I’ve been on a bit of a literary hiatus for more than four months, as you may (or quite frankly may not) have noticed. I wish I could say that I’ve been away from my keyboard because I spent the past several months celebrating my personal victories over the rather aggressive 2013 goals that I set for myself. Well – that was not indeed the case. While I achieved several of the goals that I set for myself – finishing my first triathlon, running a few marathons – I came up short on most of them.
- I did manage to drop my weight to just about 200 pounds – but a lack of consistent discipline on a prolonged basis was my downfall. I never closed in on the number I truly wanted, which was 180 pounds.
- A lack of consistent discipline, coupled with poor focus on my daily dietary intake resulted in falling way short of my goal of a four hour marathon.
- Lack of consistent dedication to my daily mileage resulted in me falling way short of my goal of running 2,013 miles in 2013.
Notice anything about those three bullet points? A lack of consistency resulted in my failure to achieve my goals. There were no significant injuries to blame for my poor performance. There were no other sizeable life issues which caused me to lose my focus on my 2013 targets. No excuses.
In short: I did not heed my own advice. This is a simple example of “do as I say, not as I do”. I always recommend to anyone looking to begin training for an event that the number one thing you can do to give yourself the best chance of success is develop a plan and then stick to it. Well, my plan was fragmented and poorly thought out…and even then I did not stick to whatever daily goals I set for myself. The fact that I knew what to do and I didn’t get it done resulted in a feeling of substantial disappointment in myself. As Christmas turned into New Year’s Day and 2014 began, I made a New Year’s resolution of giving myself a bit of time to think about what my next goals would be, develop a detailed plan of attack to ensure success, and then re-dedicate myself to my training. I rolled into 2014 with a personal motto of “you can out swim me, out bike me and out run me – but from now on you won’t out WORK me”.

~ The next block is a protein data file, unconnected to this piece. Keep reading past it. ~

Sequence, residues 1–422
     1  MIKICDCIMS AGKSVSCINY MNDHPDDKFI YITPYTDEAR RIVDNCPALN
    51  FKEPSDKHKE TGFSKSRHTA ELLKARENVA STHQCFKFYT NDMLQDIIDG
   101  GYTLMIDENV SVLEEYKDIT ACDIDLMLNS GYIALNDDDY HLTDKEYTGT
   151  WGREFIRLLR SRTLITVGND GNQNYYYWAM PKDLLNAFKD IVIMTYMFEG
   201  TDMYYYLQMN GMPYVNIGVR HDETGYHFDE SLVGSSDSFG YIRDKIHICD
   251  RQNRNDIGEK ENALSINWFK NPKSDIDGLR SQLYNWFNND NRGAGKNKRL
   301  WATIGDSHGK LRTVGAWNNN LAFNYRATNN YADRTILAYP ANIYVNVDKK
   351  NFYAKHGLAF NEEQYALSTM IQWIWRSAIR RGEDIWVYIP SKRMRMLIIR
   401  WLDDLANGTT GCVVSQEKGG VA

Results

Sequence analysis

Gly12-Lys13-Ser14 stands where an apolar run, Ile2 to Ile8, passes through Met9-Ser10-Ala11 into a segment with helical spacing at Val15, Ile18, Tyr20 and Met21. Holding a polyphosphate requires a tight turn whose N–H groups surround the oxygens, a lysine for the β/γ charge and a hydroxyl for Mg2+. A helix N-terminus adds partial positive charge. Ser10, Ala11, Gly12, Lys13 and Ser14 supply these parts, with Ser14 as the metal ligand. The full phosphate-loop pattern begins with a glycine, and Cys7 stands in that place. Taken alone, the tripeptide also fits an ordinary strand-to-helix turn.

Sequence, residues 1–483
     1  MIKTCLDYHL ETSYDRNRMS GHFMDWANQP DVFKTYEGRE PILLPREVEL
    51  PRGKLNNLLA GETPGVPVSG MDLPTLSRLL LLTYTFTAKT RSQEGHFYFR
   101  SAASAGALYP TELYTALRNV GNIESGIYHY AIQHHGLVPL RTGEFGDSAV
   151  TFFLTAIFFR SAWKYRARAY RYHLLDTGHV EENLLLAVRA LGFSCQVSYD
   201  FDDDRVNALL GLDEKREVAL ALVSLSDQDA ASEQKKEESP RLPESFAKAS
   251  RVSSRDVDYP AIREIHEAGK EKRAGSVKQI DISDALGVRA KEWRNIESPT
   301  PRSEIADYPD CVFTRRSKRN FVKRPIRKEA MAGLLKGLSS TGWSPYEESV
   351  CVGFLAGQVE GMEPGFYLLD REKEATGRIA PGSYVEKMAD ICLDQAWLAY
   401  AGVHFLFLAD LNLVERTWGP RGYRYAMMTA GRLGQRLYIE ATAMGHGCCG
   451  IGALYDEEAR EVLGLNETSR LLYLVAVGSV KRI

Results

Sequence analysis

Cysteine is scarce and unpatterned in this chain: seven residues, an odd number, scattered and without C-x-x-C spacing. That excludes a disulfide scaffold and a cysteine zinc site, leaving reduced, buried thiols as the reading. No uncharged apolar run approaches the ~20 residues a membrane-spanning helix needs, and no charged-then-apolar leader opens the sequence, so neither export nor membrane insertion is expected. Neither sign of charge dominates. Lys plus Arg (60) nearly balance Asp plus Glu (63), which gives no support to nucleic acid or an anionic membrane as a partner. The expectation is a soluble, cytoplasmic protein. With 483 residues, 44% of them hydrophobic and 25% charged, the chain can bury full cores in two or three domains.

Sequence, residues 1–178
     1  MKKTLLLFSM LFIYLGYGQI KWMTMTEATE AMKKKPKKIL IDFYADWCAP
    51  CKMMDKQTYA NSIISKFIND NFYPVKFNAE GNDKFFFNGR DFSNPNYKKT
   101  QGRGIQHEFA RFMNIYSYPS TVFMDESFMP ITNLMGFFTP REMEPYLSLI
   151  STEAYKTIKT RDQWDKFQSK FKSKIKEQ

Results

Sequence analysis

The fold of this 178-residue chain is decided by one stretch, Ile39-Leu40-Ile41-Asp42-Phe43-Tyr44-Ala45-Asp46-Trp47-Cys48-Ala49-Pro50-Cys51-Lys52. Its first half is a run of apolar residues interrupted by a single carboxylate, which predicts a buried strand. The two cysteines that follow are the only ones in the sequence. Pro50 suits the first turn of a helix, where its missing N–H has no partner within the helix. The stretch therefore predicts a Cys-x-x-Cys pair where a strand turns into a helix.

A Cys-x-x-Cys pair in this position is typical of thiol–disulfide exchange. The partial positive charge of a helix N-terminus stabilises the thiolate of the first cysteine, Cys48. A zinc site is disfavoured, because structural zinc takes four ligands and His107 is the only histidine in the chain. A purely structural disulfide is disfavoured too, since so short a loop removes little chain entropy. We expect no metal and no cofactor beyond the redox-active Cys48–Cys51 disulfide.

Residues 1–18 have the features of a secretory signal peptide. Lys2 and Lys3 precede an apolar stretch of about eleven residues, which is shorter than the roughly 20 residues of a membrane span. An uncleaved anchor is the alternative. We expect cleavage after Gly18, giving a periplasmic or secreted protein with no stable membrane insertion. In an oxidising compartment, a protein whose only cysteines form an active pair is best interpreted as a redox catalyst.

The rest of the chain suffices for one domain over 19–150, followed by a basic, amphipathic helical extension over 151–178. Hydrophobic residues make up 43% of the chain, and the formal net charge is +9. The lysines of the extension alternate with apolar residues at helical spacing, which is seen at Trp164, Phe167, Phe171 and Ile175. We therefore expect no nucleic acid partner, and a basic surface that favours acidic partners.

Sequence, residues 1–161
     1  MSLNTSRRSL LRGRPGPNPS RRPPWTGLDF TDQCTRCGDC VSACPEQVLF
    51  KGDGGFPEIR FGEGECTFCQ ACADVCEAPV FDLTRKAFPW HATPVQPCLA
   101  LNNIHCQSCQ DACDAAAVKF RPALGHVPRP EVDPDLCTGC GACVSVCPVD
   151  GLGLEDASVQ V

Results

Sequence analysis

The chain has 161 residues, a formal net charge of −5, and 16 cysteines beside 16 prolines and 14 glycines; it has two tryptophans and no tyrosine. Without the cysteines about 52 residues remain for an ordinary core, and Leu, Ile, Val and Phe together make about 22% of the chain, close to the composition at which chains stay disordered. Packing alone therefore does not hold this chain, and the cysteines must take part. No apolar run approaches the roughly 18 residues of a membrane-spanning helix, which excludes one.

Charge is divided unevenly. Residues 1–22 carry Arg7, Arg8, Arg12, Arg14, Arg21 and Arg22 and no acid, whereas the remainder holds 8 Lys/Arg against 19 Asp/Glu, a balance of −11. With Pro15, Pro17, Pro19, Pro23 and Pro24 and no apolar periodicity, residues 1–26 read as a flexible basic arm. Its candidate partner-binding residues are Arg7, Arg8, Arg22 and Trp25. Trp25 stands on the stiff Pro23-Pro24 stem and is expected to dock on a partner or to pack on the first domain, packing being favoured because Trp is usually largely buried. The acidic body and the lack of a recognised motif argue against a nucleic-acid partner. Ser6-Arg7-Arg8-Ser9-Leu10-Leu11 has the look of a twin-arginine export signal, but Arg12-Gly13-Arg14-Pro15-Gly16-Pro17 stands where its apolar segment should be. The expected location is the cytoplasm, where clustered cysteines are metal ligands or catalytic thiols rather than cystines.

After the January 2014 Dopey Challenge, the next huge event on my athletic calendar was the 2014 Ironman Texas in mid-May. The Ironman consists of a 2.4 mile swim which is required to be completed within 2 hours and 20 minutes, followed by a 112 mile bike which needs to be completed by no later than 5:30pm on race day (which usually results in athletics having approximately 8 hours to pedal the distance), and then a full marathon which needs to be completed by no later than 11:59pm on race day. 17 hours to complete 140.6 miles. It’s a significant athletic test – one that requires a real lifestyle change in order to conquer. After my 48.6 mile, 4 day jaunt through the most magical place on Earth, I began to dedicate myself to triathlon training. Swim. Bike. Run. Lift weights. Train with a personal trainer. Enhancements to my diet. I was off and running – so to speak.
As March gave way to April, however, I realized that the level of training I was doing – although an improvement over my late 2013 escapades – still lacked the overall 110% dedication to the Ironman lifestyle change that the sport requires. I would not be ready for 140.6 miles in mid-May, after all. So this week I had to make the disappointing decision to withdraw from the Texas Ironman and change over to Ironman Maryland, scheduled for September 20th 2014. This strategic change will allow me to train on my bike, outside, all through the summer. It will also give me time to drop more weight, get into better overall physical condition and give myself the best chance to finish.
Between Ironman Maryland, the 2014 Dopey Challenge, The TCS New York City Marathon, the San Francisco Marathon, possibly the Chicago Marathon and the Philadelphia Marathon, I’m setting myself up for a very full dance card this year.
While 2013 included some disappointments, as I described above, there was a huge bright spot hatched in the summer and took on a life of its own as the temperature dropped and the snow began to fall….but I’ll get to that in my next installment…..
Until then: remember that if your goals don’t scare you, they are not big enough. So set the bar as high as you can because, as I recall hearing in a motivational video: the words “I fail” are ten times better than the words “what if”. Why? Because “what if?” never went to the arena and competed. “What if” never took a shot. “What if” never had a chance.